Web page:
Nitpicking the Movies/ Biggest Plot Holes


Well-Known Member
Feb 17, 2001
I admit I'm kind of a nitpicker with regard to accuracy in military-related movies, but I know some guys who take it to extremes. They shredded "Saving Private Ryan" for incorrect sights on the machine guns, improper tactical movement across open terrain, P-51's wouldn't normally be tankbusters, etc. "Enemy at the Gates" was cited for wrong reticle pattern on the Mauser sniper rifle, the Mosin-Nagants had a PU instead of a PE scope ( evidently incorrect for that year), historically inaccurate sniper tactics, etc. Do the Trekkies and others follow suit?
I can't speak for all Trekkies, but I do, and there is a whole series of "Nitpickers Guides for Trekkers" by Phil Farrand which says that at least some others do too.

The thing with all science fiction is that unlike the historical military facts that you just described, the writers can write anything they like and make up an excuse for the reason why. However, it should be internally consistent within their own universe, or else it is no longer believable.

An example of this would be having a control panel in a turbo lift of the Enterprise in only one episode of 'The Next Generation', when it suited the storyline for it to be there, but never before and never again. This kind of thing annoys me for several reasons. First, they think I'm too stupid to notice it. Second, the writers are too lazy to think of another way to write it.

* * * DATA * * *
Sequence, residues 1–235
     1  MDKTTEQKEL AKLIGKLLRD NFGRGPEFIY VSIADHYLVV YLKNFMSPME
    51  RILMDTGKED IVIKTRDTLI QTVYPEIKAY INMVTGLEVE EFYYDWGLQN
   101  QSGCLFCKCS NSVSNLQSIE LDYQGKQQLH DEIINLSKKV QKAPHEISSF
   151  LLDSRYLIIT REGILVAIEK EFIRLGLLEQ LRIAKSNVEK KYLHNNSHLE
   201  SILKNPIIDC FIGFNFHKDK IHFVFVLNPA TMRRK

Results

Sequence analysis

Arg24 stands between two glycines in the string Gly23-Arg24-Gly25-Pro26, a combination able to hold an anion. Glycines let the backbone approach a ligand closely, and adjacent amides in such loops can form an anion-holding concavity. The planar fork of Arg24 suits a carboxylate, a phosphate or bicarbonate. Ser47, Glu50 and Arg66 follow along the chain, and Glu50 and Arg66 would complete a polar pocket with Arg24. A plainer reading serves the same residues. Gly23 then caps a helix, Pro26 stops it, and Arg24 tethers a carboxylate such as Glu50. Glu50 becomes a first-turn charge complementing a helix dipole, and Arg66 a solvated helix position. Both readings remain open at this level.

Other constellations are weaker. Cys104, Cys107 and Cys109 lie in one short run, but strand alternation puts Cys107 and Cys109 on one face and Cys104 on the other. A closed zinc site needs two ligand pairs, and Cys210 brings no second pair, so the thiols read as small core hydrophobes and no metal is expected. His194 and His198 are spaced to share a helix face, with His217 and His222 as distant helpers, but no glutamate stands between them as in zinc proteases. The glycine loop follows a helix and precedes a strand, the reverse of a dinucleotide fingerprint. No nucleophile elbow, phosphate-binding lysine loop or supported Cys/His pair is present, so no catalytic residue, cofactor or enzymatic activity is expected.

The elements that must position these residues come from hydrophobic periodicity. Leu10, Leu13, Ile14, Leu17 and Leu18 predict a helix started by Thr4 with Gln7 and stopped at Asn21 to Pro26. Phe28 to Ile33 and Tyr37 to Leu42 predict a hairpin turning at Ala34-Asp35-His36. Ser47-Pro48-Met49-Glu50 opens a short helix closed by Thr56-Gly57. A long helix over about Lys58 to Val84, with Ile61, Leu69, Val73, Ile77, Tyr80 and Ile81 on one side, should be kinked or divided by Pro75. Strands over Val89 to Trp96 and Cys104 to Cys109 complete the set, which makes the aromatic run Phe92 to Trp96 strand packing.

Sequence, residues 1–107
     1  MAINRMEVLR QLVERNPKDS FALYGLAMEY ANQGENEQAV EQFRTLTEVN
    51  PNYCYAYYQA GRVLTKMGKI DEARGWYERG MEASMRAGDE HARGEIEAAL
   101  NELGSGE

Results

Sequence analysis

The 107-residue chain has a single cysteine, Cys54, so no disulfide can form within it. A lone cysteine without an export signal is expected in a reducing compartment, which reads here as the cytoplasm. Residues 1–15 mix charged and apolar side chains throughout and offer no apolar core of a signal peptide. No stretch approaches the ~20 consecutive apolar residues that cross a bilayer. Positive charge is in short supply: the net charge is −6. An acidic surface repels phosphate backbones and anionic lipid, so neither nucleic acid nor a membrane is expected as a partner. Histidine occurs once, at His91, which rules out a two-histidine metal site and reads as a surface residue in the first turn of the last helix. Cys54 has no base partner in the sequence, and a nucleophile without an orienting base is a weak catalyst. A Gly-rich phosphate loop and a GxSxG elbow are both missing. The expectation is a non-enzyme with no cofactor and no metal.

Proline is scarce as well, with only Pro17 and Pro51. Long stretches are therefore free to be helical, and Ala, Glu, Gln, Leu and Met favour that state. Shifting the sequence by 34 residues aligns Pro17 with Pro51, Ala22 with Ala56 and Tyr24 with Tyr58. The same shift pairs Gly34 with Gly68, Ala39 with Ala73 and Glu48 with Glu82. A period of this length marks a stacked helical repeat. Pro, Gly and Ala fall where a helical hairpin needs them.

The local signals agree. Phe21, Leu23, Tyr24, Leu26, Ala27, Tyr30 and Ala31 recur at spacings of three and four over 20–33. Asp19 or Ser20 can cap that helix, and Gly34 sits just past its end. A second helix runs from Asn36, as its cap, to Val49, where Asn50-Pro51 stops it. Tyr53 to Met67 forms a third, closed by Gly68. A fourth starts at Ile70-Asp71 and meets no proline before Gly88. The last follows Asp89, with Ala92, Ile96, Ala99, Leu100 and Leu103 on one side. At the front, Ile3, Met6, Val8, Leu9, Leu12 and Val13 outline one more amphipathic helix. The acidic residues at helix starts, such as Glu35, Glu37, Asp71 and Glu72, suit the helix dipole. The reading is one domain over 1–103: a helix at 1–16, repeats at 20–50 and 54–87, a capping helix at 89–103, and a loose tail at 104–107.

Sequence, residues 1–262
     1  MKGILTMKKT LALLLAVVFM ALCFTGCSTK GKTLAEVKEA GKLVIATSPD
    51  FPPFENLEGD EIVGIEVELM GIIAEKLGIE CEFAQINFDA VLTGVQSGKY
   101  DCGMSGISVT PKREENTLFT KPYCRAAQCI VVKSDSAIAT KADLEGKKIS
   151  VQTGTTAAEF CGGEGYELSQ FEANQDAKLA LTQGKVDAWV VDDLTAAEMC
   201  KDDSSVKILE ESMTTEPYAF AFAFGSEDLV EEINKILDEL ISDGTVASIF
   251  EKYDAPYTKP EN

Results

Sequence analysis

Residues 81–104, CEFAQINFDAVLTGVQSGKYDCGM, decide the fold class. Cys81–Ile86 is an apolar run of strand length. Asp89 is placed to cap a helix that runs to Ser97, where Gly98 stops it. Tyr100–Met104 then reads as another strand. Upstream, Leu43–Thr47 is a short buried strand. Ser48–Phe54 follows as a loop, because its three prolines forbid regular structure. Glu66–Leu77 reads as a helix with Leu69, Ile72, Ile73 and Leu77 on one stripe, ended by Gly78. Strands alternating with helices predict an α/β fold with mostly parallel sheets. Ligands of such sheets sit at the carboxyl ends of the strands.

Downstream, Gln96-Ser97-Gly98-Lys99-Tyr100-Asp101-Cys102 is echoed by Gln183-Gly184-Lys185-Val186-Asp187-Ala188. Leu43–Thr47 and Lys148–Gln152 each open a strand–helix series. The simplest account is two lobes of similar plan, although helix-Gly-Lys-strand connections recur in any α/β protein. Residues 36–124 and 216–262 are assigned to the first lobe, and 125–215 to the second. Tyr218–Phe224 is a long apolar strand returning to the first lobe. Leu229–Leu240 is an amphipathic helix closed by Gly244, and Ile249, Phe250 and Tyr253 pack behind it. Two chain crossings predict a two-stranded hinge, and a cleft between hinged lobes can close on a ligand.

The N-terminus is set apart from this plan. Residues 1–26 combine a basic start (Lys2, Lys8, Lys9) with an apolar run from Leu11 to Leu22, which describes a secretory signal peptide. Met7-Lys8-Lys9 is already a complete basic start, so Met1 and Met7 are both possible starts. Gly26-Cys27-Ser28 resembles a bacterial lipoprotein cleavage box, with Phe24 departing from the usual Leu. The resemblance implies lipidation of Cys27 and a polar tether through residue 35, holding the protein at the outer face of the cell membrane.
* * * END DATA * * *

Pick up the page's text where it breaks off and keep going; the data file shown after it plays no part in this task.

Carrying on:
If it is a genuine mistake, I can let them off. Making weekly episodic television on a limited budget must be much harder than a blockbuster money-is-no-object film, and they often re-use shots. But it is still fun to find the faults and cheats.
Hi Slater,

Yes, a lot of people who watch the Stargate SG-1 are nit pickers. But mostly it is about keeping the internal logic of the show straight. Some also talk about some of the obvious things like continunity. For instance in Season 4 a show called "Prodegy" Major Carter and Cadet Haley entered the gate in one position and it was reversed in the exiting the gate shot on the moon. And some talk about the technology and what is happening with it. But most are fans of the show and it enhances their enjoyment.